Shaky Politifact Ruling Against Lawrence O’Donnell Comes Days After Maddow Slam
MSNBC primetime star Rachel Maddow has had something of a feud going with fact-checking outfit Politifact, going back about a year, which makes the timing of Politifact’s questionable ruling about Lawrence O’Donnell‘s Lean Forward “GI Bill” spot very interesting. They gave O’Donnell’s claim that GI Bill opponents called the measure “welfare” a “Mostly False” rating just days after Maddow’s most recent attack on the site, but nearly three weeks after O’Donnell made the claim.
On the Feb. 14 Rachel Maddow Show, the eponymous host slammed Politifact as a “disaster” because they gave Sen. Marco Rubio’s claim that “the majority of Americans are conservatives” a “Mostly True” rating, despite the fact that their own research showed that the claim was false to the letter, and false when measured against a broader standard. Based on Politifact’s own research, they would have to rate the completely opposite statement that “the majority of Americans are not conservatives” as 100% true.
Politifact responded, as is their habit, by dismissing, and ignoring the substance of, the criticism. This wasn’t the first time Politifact responded, in the same manner, to criticism from Rachel Maddow. What’s curious, though, is that two days later, they issued a very questionable ruling against Maddow’s primetime lead-out, Lawrence O’Donnell. Even more curious is the fact that they were evaluating a claim that O’Donnell made last month.
In the spot, O’Donnell extolls the virtues of the GI Bill, saying “”It’s the most successful educational program that we’ve ever had in this country — and the critics called it welfare.”
According to Politifact, they couldn’t find any record of critics using the word “welfare” to describe the GI Bill at the time, which means, at best, that O’Donnell’s claim might be “letter false,” as Rubio’s certainly was (Politifact can’t claim to have reviewed every contemporaneous criticism of the GI Bill from 50 years ago). But they did find ample evidence that not only supports the spirit of O’Donnell’s claim, it renders it an understatement. Among the nasty characterizations:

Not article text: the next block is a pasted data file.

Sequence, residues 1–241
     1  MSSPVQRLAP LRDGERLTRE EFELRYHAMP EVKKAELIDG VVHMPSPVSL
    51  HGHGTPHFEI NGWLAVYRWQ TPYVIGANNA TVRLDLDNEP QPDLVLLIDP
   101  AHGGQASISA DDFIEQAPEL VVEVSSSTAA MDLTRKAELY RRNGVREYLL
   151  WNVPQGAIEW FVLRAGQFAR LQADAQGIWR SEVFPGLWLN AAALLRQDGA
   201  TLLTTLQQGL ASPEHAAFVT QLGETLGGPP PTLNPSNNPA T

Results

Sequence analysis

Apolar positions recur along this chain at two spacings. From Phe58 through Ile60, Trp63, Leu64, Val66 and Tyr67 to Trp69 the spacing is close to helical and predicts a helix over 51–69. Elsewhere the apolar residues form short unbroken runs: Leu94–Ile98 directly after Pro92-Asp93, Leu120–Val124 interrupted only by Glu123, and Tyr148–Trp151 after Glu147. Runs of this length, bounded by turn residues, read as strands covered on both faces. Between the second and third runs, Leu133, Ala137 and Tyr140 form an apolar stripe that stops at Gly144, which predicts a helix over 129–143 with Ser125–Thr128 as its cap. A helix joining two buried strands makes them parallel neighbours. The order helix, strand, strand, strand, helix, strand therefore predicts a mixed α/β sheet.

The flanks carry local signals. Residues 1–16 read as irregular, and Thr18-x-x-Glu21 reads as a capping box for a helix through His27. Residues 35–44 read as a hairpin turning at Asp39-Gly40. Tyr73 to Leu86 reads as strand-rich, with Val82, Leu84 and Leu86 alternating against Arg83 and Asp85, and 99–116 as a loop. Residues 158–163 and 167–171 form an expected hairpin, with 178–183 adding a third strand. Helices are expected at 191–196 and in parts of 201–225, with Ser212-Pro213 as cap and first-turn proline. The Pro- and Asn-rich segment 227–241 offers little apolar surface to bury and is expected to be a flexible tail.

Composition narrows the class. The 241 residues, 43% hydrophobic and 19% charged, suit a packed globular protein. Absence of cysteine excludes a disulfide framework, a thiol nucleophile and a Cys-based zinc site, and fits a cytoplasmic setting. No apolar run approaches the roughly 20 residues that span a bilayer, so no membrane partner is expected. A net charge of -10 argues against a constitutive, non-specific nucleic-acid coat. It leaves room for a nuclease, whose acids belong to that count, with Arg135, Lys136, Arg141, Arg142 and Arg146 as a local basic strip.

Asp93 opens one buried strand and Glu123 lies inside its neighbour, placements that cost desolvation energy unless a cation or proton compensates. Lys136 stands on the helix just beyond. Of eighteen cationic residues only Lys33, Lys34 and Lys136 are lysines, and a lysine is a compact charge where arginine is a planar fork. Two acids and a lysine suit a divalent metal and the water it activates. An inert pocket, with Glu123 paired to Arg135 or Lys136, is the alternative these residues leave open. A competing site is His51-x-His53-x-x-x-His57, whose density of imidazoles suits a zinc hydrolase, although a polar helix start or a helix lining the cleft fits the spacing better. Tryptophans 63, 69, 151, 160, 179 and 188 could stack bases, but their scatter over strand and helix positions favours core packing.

“The lazy and ‘chisely’ types of veterans would get the most benefits, whereas the resourceful, industrious and conscientious veterans would get the least benefits, if any.”
An ardent white supremacist, Rankin feared the unemployment provision’s impact on the work habits of the African Americans in his state and region. African Americans would not quickly rejoin the work force, he argued, if they were being paid generous unemployment benefits. Rankin complained further that it would ‘spoil’ them.”
“The bane of the British Empire has been the dole system.” He also aired a racist comment, saying: “If every white serviceman in Mississippi… could read this so-called GI Bill, I don’t believe there would be one in 20 who would approve of it… We have 50,000 Negroes in the service from our state and in, in my opinion, if the bill should pass in its present form, a vast majority of them would remain unemployed for at least another year, and a great many white men would do the same.”
So, while it’s true that no example of the word “welfare” has been cited (which doesn’t mean it never happened), criticism of the bill was unquestionably in the spirit of modern welfare politics, and then some. Based on Politifact’s own research, O’Donnell deserves at least the “Mostly True” that Rubio earned, but they didn’t even give him the fallback “Half True.” Judging by their past responses to legitimate criticism, even if references to the GI Bill as “welfare” came to light, Politifact would think up some reason why they’re still right.
That’s not to say that Politifact has an ax to grind against MSNBC, but when they’re issuing such a questionable ruling, so close on the heels of yet another back-and-forth with Rachel Maddow, yet so far removed from O’Donnell’s claim, the editors at Politifact really ought to consider how that looks. It’s tough to be an effective referee when people think you don’t like one of the players.
Politifact was contacted for comment on this article, but have yet to respond.
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